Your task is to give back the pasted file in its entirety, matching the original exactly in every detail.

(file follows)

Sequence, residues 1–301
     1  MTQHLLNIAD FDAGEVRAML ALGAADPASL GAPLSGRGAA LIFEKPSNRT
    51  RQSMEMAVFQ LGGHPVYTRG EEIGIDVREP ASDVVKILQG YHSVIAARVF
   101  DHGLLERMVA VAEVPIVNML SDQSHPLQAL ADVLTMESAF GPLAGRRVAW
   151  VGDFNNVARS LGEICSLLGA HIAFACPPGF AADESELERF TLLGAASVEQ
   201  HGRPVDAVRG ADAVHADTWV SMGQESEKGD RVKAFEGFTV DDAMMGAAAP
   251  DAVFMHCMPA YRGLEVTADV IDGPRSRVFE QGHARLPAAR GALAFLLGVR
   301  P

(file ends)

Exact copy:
Sequence, residues 1–301
     1  MTQHLLNIAD FDAGEVRAML ALGAADPASL GAPLSGRGAA LIFEKPSNRT
    51  RQSMEMAVFQ LGGHPVYTRG EEIGIDVREP ASDVVKILQG YHSVIAARVF
   101  DHGLLERMVA VAEVPIVNML SDQSHPLQAL ADVLTMESAF GPLAGRRVAW
   151  VGDFNNVARS LGEICSLLGA HIAFACPPGF AADESELERF TLLGAASVEQ
   201  HGRPVDAVRG ADAVHADTWV SMGQESEKGD RVKAFEGFTV DDAMMGAAAP
   251  DAVFMHCMPA YRGLEVTADV IDGPRSRVFE QGHARLPAAR GALAFLLGVR
   301  P